Steady-state versus non-steady-state QT-RR relationships in 24-hour Holter recordings

Pacing Clin Electrophysiol. 2000 Mar;23(3):293-302. doi: 10.1111/j.1540-8159.2000.tb06752.x.


The aim of the present study was to investigate the QT-RR interval relationship in ambulatory ECG recordings with special emphasis on the physiological circumstances under which the QT-RR intervals follow a linear relation. Continuous ECG recordings make it possible to automatically measure QT duration in individual subjects under various physiological circumstances. However, identification of QT prolongation in Holter recordings is hampered by the rate dependence of QT duration. Comparison of QT duration and QT interval rate dependence between different individuals implies that the nature of the QT-RR relationship is defined in ambulatory ECG. Holter recordings were performed in healthy volunteers at baseline and after administration of dofetilide, a Class III antiarrhythmic drug. After dofetilide, beat-to-beat automated QT measurements on Holter tapes were compared with manually measured QT intervals on standard ECGs matched by time. The QT-RR relationship was analyzed at baseline in individual and group data during three different periods: 24-hour, daytime, and nighttime. Data were collected under steady-state or non-steady-state conditions of cycle length and fitted with various correction formulae. Our study demonstrated an excellent agreement between manually and automated measurements. The classic Bazett correction formula did not fit the QT-RR data points in individual or group data. When heart beats were selected for a steady rhythm during the preceding minute, QT-RR intervals fit a linear relationship during the day and night periods, but not during the 24-hour period in both individual and group data. In contrast, in the absence of beat selection, data fit a more complex curvilinear relationship irrespective of the period. Our study provides the basis for comparison of QT interval durations and QT-RR relationships between individuals and between groups of subjects.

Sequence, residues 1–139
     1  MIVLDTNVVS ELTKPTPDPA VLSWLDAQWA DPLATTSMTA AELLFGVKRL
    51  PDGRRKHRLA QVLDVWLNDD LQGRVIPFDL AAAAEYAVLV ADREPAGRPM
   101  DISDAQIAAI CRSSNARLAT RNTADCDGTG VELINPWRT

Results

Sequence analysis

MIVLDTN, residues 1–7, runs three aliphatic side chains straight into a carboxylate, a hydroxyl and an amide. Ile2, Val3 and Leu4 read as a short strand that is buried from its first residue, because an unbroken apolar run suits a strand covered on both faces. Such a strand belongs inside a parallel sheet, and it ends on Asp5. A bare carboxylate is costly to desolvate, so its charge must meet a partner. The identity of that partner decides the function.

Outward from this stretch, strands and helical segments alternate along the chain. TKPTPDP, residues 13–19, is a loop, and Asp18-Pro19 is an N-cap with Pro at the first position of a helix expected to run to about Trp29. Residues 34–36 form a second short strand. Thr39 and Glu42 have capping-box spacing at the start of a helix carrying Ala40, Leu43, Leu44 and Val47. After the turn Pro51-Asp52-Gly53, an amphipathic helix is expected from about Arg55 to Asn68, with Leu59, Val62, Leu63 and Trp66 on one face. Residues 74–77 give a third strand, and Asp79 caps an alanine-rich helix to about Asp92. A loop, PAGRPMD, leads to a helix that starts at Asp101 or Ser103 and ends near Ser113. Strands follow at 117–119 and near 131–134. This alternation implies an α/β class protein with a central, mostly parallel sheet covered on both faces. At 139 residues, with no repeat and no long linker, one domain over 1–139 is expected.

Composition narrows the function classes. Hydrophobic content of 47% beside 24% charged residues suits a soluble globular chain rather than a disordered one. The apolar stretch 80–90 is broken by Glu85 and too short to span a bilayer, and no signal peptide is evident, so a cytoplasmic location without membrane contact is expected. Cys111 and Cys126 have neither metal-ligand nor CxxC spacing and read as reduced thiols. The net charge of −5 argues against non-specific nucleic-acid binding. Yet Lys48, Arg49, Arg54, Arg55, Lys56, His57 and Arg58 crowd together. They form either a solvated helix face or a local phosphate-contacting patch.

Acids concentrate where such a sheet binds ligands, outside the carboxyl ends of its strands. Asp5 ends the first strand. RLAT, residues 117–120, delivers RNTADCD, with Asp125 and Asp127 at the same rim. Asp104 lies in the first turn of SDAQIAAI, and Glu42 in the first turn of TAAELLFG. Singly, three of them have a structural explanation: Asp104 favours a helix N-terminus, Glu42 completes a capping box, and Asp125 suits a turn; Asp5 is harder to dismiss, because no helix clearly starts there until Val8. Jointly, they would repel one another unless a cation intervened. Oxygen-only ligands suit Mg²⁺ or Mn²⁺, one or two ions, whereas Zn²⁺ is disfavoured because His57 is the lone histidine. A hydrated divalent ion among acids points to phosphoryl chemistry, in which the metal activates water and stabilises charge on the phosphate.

Publication types

  • Comparative Study

MeSH terms

  • Adolescent
  • Adult
  • Circadian Rhythm
  • Electrocardiography, Ambulatory*
  • Humans
  • Male